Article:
Wednesday, September 27, 2017

'From first to last, I punished Laurens justly.'

Many of Georges Surdez's Foreign Legion stories strike me as having split personalities. At heart, many of them are essentially character studies. But knowing his pulp audience, Surdez always finds a way to resolve his character conflicts through combat situations. "Clay in Khaki" (The Big Magazine, 1935) is a good example of this. The first half of it hardly has action in it, describing the fatal incompatibility of Verlinden, a veteran German sergeant, and Laurens, a popular recruit from a higher class background than was typical for Legionnaires. The story's told largely from the point of view of their new commander, Lieutenant Chamber, who sees Laurens as a decent kid unjustly goaded into desertion, and eventual death, by Verlinden. His attitude toward Verlinden is mild, however, compared to that of Laurens' buddies, who are ready to tear the sergeant apart when Laurens' body is returned to base. Still, Surdez lets Verlinden tell his side of the matter. The veteran found Laurens conceited; the younger man "thought himself my superior" and openly made fun of the sergeant, undermining his authority. That might just be an authoritarian talking, but this is the Foreign Legion, where discipline is everything. Seeing Verlinden's point, but also seeing that his position under his command is no longer tenable, Chamber arranges for his transfer to Indo-China, accepting the sergeant's suggestion that he, Verlinden, apply for the transfer himself in order to save face. But before the transfer can be finalized, Chamber's unit must go out in pursuit of a strong force of bandits. In the middle of battle mutiny breaks out as men refuse to take orders from Verlinden, and Chamber finally has to disarm him in order to have any hope of rallying his men. Then comes the ironic twist. Mocked by the men and believing his career ruined, Verlinden decides to commit suicide-by-Berber, charging the enemy position armed only with his automatic pistol.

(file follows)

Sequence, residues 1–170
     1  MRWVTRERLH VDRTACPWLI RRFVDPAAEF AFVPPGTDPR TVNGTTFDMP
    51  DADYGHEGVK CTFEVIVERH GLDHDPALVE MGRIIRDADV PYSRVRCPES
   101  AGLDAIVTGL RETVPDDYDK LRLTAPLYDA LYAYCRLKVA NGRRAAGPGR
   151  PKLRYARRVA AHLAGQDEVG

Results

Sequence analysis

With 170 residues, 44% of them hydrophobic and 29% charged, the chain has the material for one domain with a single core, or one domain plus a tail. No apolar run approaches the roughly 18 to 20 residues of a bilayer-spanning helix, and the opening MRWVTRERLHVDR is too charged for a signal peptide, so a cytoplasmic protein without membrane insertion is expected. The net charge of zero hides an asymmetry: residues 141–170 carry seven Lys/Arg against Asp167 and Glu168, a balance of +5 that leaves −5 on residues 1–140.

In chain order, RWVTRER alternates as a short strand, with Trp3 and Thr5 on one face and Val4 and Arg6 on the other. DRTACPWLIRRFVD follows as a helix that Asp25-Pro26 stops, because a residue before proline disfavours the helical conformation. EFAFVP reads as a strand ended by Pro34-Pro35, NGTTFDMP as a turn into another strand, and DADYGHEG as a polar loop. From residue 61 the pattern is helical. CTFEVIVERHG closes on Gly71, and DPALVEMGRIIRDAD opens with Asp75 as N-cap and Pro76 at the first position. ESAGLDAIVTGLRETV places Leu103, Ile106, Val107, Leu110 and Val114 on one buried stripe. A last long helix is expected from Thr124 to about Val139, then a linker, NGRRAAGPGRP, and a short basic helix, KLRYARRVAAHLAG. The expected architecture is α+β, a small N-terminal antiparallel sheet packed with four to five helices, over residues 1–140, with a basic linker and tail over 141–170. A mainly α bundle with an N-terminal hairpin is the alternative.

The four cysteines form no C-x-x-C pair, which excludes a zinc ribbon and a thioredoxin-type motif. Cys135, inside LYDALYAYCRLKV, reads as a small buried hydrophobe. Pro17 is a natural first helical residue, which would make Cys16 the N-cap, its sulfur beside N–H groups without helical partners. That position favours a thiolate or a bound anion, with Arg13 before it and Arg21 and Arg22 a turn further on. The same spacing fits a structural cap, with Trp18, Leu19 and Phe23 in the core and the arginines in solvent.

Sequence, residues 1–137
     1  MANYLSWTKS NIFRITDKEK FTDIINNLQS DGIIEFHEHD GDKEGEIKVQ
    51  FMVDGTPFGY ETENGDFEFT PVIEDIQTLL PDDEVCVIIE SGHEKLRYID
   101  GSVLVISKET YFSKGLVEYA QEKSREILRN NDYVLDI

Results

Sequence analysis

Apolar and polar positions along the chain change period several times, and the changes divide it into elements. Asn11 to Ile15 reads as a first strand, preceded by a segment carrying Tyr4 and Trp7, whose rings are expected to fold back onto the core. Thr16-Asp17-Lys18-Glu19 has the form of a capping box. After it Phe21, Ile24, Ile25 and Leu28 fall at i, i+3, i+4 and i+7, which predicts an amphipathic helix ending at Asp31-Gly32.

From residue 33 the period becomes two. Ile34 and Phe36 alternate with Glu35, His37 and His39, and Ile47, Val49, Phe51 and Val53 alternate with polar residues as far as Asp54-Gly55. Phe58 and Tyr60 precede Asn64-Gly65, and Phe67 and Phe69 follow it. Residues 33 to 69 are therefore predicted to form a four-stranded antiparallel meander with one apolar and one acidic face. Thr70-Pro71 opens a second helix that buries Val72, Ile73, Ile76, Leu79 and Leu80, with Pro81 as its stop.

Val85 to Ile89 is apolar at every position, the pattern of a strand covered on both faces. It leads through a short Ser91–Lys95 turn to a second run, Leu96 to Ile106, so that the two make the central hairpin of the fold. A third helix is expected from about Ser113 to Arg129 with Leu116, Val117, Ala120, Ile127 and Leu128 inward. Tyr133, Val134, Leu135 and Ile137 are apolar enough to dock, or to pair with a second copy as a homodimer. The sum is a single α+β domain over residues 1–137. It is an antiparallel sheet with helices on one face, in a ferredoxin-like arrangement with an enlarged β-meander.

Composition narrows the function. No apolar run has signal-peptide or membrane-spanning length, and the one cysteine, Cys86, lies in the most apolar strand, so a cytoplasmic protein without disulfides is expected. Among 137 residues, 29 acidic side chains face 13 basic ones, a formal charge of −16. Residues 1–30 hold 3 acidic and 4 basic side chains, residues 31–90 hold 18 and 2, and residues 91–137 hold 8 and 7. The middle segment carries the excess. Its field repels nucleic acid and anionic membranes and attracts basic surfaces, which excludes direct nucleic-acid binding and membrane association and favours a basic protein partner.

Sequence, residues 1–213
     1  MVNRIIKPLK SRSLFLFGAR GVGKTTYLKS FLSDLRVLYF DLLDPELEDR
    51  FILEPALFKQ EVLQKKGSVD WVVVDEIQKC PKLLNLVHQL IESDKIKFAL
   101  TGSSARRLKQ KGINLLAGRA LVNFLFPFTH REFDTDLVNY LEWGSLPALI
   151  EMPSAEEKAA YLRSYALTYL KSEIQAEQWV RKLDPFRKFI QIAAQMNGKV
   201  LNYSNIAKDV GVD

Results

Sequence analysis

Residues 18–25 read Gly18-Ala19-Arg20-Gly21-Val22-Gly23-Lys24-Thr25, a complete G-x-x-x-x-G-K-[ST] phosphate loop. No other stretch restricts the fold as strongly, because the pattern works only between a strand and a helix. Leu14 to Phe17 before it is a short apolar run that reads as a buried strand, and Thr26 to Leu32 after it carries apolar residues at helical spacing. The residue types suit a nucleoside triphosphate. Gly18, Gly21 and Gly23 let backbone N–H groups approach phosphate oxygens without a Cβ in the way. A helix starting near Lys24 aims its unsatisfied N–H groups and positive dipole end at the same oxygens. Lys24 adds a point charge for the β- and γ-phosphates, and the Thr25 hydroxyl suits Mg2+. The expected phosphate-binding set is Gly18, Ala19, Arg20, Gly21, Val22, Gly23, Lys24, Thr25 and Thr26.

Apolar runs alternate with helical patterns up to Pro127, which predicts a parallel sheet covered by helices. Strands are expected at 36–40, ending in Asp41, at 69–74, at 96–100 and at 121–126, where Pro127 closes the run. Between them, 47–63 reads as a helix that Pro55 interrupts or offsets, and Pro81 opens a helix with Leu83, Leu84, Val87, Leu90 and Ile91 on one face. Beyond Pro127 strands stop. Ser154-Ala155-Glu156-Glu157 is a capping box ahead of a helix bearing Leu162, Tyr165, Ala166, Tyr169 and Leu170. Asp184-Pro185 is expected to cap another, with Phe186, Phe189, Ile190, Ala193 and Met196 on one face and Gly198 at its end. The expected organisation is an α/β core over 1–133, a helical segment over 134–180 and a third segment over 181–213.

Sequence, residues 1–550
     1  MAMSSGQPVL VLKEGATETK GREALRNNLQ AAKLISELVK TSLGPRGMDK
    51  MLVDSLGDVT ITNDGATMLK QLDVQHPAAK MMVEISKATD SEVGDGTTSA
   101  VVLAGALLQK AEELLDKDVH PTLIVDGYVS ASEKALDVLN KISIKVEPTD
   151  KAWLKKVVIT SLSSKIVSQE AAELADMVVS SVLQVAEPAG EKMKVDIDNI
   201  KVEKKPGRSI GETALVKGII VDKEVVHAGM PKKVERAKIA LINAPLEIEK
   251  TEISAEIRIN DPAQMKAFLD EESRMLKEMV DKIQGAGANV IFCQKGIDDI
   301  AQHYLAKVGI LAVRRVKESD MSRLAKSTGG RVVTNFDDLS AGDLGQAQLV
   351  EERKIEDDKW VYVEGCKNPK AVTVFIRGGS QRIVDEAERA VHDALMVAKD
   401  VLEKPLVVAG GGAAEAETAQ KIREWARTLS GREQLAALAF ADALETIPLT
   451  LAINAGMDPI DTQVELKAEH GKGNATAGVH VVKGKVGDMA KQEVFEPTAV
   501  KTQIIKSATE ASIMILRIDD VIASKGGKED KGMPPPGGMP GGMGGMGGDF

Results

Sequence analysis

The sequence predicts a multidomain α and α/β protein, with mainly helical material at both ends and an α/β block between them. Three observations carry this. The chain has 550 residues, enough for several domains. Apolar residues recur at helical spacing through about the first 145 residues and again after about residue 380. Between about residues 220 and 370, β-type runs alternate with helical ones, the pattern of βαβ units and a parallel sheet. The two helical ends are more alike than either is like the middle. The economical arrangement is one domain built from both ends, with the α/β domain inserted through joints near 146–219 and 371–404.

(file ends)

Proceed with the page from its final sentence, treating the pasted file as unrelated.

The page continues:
He was a true Legionnaire, in love with the spectacular and, his life being sacrificed, he granted himself the luxury of exacting admiration from the very Legionnaires who had laughed. To die was nothing -- if it meant that he would be remembered.

Inevitably he goes down in a hail of gunfire, but when some Berbers venture from their position to plunder the body, them men who had scorned Verlinden moments before now go berserk in defense of his corpse. "Verlinden's personality had fled wherever the spirit travels after death, but there remained his clay and his uniform," Surdez writes, "His head, taken as a trophy through the market places of desert villages, would be a reproach to his Legionnaires." By sacrificing himself for purely selfish reasons, Verlinden inadvertently wins the day for the Legion. The question of whether Verlinden was justified in his treatment of Laurens has been forgotten, proof that the story was more about Verlinden all along. Surdez doesn't really imply that Verlinden's conduct vindicates him, and his reluctance to pass final judgment is a nice touch from an author I've only rarely disliked.

No comments:

Post a Comment